Students find youth camps problematic
by Sally Claunch
The Shorthorn staff
The UTA Youth Programs are in full swing and about 650 participants are on campus this
week. Some university students, however, say that having so many youngsters here at one
time detracts from the quality of campus life.
Biology senior Bryan Caletka said he's sure the camps are good for the kids, but that
it's not necessarily good for the students who go to school here.
He said the lunch lines are extremely long and sometimes make him late for class.
"I go to lunch on a restricted time table between my classes," he said.
"All these kids make it difficult to get to the lunch counter."
He said he tries to sneak in before the kids get there.
Administrators say the kids are here to get to know the university.
Kids, ages 7 to 17, are learning about science, math, psychology, sports and band at
the camps. Officials hope the kids will later attend college here because of the
Dan Williams, senior vice president for finance, said the university holds the camps as
an outreach program.
"This is not intended to make money as much as it is a public service to provide
these kids with exposure to the university," he said.
Dalesia Brown, 16, is a student at Eisenhower High School in Lawton, Okla. Brown said
that because she has attended camp here, she will seriously consider the university when
she chooses a college.
"We get a four-year renewable scholarship to come here - I think it's a good
opportunity," she said. "I think it's a good campus and that you can get a good
Admissions Associate Director George Norton said that usually during the camps, someone
from admissions will go out and talk to the kids about the university to generate some
"We usually go on the last day when their parents are around," he said.
"Many studies have shown that the No. 1 link for a student attending a college is a
visit to the college."
He said that's one reason why they like to play host to the camps here.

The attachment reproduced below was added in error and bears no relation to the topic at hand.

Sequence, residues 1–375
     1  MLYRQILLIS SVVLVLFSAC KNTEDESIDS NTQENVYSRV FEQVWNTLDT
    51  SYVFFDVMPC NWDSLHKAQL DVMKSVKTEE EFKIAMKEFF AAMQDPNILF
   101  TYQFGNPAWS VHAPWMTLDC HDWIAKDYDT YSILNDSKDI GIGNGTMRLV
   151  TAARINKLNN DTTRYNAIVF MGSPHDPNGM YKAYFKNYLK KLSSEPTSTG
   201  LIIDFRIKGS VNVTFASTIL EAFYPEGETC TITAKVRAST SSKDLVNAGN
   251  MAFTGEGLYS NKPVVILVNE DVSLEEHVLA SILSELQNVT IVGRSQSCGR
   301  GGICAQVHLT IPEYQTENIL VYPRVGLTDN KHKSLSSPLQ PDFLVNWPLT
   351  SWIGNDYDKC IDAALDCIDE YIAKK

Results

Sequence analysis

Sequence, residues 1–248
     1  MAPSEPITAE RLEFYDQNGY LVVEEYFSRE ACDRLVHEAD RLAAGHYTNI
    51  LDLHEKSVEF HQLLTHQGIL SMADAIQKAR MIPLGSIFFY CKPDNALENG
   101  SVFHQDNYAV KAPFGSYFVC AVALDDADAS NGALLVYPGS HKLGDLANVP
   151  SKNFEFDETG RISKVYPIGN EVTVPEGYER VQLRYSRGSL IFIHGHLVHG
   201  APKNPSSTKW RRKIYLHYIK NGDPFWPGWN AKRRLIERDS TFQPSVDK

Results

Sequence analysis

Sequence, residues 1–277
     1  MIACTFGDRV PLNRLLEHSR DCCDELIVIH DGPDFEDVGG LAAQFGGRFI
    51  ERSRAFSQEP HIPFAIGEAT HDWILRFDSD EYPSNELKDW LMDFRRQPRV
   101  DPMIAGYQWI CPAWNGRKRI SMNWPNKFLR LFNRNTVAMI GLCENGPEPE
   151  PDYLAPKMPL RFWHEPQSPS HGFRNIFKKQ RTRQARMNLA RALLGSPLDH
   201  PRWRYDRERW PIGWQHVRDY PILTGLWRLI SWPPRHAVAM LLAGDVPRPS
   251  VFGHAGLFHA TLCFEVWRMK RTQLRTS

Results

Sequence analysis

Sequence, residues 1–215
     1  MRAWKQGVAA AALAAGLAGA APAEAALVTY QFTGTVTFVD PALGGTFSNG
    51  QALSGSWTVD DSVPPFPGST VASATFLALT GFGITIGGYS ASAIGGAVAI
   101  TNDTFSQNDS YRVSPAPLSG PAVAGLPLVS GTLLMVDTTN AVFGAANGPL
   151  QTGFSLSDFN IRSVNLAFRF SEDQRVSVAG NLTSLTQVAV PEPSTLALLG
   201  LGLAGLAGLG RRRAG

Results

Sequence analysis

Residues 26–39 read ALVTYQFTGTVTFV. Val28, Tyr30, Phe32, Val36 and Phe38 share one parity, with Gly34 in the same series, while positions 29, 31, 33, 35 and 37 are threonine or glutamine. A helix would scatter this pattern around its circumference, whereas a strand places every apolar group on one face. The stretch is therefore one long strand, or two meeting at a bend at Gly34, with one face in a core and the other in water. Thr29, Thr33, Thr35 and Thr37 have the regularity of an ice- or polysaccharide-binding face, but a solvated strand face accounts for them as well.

"We get a benefit from the camps that the campers will remember their visit here
when they make a decision on where to go to college," he said.
Some other university students say the kids in the dorms are unruly as well.
Computer science junior Giancarlos Parodi lives at Lipscomb Hall. He said the kids are
"Some students wanted to use the lounge to study, and the kids were running around
being loud so the students couldn't study," he said.
He said he thought that the kids shouldn't be in the dorms with university students.
Nursing freshman Kristi Thogmartin is a Lipscomb Hall resident and said she's noticed
that some of the kids have been noisy.
"They ate all the food in the vending machines and were noisy and rowdy playing
video games in the lounge," she said.
Laurelyn Gaede, residence and life operations assistant director, said the campers have
counselors who are in charge of the kids.
She said that the kids are in a separate wing from the summer school students, but that
they do share common areas.
"If any of the students are bothered, they need to notify their hall
director," she said.
Laquita Weston, 17, is a senior from Lakeview High School in Campti, La. She is
participating in the federally funded six-week-long Upward Bound Math and Science camp.
The program gives at-risk kids exposure to a college environment so they will possibly
want to attend college when they graduate from high school.
Weston said she's benefiting from what she's learning, but the lunch line situation is
"Sometimes, if you don't get out of class early enough, you have to wait a long
time," she said as she tilted her head toward the line of campers winding from the
Paradise Cafe down the hall and past the Bursar's windows in the University Center.